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Stuart Little 3 Big Photo Adventure _VERIFIED_

  • Cross-posted on GameDAILY.In reviewing Lego Star Wars a few weeks ago, I wrote about how my kids had begun to play more independently, instead of being more passive (or more accurately, intermittently active) consumers of the games we play together.While they're still playing and enjoying Lego Star Wars (no surprise), my kids recently started playing another game that allows them the freedom to play by themselves - Stuart Little 3: Big Photo Adventure.From the game's title alone, we can deduce the following:The game features the beloved Stuart Little (duh), in his recurring role as mouse-living-among-humans-as-member-of-family. And apparently, there have been 2 previous Stuart Little games.

  • Something about photos, or the taking thereof. Correct. In this case, Stuart accidentally knocks big brother George's photo album into the fish tank, and the game revolves around Stuart's efforts to re-create every photo in the album. Along the way, Stuart has...

  • ...oh, you guessed it, huh? Well, you're right; a Big Adventure.

The interface in Stuart Little 3 is friendly and unintimidating, so just as in Lego Star Wars, my kids didn't have a moment's hesitation before plunging hip-deep into the Stuart Little pool.From the outset, it is clear that Stuart Little 3 achieves a balance all too rare in licensed games for kids, in that it embraces the license without being too constrained by it. The game is true to the spirit, appearance and environments of the Stuart Little movies, yet it gives the young players enough freedom to feel that they are in charge of the adventure (as opposed to the unseen conductor of a train traveling on-rails). And speaking of that freedom, while there is a lot of open-ended, freeform gameplay, there is enough gentle guidance to make sure that the player doesn't feel lost or confused about what to do next.Stuart Little 3: Big Photo Adventure achieves a delicate balance in another crucial area - difficulty. While it is easy enough for young kids to play by themselves, it is also just challenging enough to keep them interested for more than just a few minutes. As for the controls, they feel intuitive and solid.The game also teaches a nice lesson about responsibility. Even though it was an accident, Stuart ruined George's project, so it's Stuart's responsibility to replace it. In addition, in order to get some of the people to agree to pose for Stuart's camera, he needs to help them by performing good deeds and fairly easy tasks.There is an EyeToy component to the game, but although my kids have been playing the game for a while, it hasn't come up yet. From what I've read, though, we're not missing much, as it's more of an add-on gimmick than a central component of the game.If you were looking for more in the way of in-game details, here you go, in the form of one big stream-of-consciousness mega-sentence......... right after I psych myself up for the task. Ready?Power...Power...(* channels Veronica Corningstone before her first newscast as anchor, while Ron Burgundy was busy crying hysterically about his dog Baxter, who had just been punted off the bridge by Jack Black's biker character, after Ron tossed his delicious-but-too-filling burrito out of his car at him while singing about taking Baxter to foggy London town, causing Black to wipe out on his bike, after which he said "That's how I roll" ............ did people even say that in the '70s? *)Where was I? Oh yeah, the little mouse kid. And by the way, that wasn't the mega-sentence from hell. This is:You explore several different levels (backyard, park, basement, etc.), trying to find the objects of Stuart's (via George) photographic desire, pausing along the way to collect Snowbell-bribing cat snacks (without which that darn cat won't lift a paw to help you - what is it with cats, anyway?), as well as shiny blue and yellow blobs to charge the flash (without which you can't take the pictures), and you get to dress up in several outfits (photographer, fireman, Native American, etc.) with corresponding abilities (taking pictures, spraying water, shooting arrows, etc.), and although the races aren't so easy, you get to ride/drive a garage full of unlockable vehicles, including skateboard, BMX bike, scooter, roadster, tank, dune buggy, hovercraft, motorcycle, helicopter, blimp, sailboard, speaking of which, not only can you easily switch vehicles in the garage, but when you move from land to water (or vice-versa), the game auto-switches you to the appropriate vehicle, and I'd be remiss if I didn't mention the fun mini-golf and skateboarding mini-games.* passes out from prolonged oxygen deprivation * Maybe instead of channeling the lovely and talented Ms. Corningstone, I should have channeled this guy.So I think I've made it pretty clear what I think, but if you still need me to bottom-line it for ya, here you go: Stuart Little 3: Big Photo Adventure is an out-freakin'-standing game for kids of all ages. Or to paraphrase the lovely and vacuous Brian Fantana, 100% of the time, it's fun EVERY time.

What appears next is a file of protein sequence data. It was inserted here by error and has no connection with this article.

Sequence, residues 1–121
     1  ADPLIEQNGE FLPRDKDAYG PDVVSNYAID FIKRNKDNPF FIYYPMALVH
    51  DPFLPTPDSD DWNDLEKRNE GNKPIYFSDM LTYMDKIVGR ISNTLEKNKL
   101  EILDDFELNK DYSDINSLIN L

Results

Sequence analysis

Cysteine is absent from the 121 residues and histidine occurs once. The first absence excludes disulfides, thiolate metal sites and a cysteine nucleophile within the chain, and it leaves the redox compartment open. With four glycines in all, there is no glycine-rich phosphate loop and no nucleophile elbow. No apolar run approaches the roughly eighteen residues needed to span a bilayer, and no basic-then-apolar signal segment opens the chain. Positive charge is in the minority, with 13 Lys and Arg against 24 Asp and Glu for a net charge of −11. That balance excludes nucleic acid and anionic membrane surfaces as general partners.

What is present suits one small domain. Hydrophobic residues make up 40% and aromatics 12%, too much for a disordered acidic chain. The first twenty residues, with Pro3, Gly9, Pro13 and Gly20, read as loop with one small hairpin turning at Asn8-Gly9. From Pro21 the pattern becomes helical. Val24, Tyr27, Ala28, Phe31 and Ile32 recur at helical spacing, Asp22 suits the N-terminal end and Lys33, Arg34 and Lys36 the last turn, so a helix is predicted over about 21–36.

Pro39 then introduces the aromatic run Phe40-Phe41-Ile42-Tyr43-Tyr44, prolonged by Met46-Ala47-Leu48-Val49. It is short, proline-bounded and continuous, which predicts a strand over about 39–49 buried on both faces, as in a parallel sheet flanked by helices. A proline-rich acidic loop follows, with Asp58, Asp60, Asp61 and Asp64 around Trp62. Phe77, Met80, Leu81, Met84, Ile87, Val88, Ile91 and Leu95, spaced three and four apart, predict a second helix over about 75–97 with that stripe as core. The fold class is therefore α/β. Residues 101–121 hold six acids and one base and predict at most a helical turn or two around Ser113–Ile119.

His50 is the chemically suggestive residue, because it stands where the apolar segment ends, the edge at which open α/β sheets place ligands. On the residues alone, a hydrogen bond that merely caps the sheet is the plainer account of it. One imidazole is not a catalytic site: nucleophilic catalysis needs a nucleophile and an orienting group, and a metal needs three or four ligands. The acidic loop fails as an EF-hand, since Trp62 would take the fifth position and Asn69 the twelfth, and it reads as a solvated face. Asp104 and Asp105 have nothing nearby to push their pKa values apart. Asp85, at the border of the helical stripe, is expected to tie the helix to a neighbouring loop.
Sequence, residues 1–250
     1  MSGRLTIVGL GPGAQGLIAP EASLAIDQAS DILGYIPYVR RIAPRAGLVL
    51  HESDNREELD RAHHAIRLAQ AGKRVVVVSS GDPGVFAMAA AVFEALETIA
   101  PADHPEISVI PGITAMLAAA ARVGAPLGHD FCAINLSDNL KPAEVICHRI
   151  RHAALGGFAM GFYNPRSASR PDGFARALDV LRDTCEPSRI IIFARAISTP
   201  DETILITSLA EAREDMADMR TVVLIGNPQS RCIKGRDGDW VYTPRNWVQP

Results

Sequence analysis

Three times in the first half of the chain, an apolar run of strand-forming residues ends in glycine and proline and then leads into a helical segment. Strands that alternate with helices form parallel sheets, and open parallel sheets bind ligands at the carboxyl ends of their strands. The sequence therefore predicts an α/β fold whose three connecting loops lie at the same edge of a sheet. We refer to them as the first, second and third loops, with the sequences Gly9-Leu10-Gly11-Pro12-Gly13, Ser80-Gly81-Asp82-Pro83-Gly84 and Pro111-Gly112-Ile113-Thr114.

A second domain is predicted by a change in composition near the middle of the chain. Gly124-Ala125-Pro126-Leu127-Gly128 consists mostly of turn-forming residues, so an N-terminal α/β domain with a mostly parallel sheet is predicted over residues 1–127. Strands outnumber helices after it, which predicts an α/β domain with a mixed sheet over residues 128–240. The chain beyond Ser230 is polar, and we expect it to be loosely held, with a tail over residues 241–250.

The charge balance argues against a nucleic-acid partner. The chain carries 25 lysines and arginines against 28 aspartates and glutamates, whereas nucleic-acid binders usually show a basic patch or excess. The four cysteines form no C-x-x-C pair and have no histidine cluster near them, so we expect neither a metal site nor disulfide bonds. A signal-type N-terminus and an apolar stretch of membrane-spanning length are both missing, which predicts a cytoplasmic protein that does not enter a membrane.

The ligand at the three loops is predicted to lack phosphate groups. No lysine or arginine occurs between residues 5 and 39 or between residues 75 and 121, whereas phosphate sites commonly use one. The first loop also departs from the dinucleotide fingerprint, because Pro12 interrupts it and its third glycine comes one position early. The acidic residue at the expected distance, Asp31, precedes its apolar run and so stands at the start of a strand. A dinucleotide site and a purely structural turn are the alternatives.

Stuart Little 3 Big Photo Adventure


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